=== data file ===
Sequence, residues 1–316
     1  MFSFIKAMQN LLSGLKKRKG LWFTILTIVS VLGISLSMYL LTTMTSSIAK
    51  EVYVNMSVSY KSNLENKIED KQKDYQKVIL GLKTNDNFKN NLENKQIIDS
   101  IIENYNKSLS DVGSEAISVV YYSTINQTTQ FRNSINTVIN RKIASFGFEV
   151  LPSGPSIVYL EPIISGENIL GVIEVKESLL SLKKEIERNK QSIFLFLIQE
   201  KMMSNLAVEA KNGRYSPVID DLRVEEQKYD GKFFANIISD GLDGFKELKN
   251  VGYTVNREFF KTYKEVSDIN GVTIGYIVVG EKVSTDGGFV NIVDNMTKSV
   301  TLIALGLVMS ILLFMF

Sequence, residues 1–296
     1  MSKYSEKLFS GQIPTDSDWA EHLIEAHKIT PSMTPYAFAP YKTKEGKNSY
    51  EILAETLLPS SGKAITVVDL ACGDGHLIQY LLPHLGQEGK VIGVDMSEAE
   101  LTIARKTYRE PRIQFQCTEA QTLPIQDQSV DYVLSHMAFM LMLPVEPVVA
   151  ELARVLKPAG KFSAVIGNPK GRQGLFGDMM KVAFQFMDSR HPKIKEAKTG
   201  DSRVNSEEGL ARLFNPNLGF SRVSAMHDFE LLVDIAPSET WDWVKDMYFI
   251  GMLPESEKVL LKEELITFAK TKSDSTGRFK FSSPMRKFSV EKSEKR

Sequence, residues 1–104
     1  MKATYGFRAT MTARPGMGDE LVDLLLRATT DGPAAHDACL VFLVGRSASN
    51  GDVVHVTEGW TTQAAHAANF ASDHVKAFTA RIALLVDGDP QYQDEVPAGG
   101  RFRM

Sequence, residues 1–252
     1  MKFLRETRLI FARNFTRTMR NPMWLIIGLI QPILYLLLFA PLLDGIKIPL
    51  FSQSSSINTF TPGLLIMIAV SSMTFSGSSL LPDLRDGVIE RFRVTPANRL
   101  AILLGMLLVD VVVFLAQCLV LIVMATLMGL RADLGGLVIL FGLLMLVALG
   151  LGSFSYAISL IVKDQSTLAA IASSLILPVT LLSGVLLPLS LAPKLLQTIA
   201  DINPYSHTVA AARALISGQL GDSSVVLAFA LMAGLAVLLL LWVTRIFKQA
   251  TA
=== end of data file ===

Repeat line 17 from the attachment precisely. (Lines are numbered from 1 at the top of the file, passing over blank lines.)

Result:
     1  MKATYGFRAT MTARPGMGDE LVDLLLRATT DGPAAHDACL VFLVGRSASN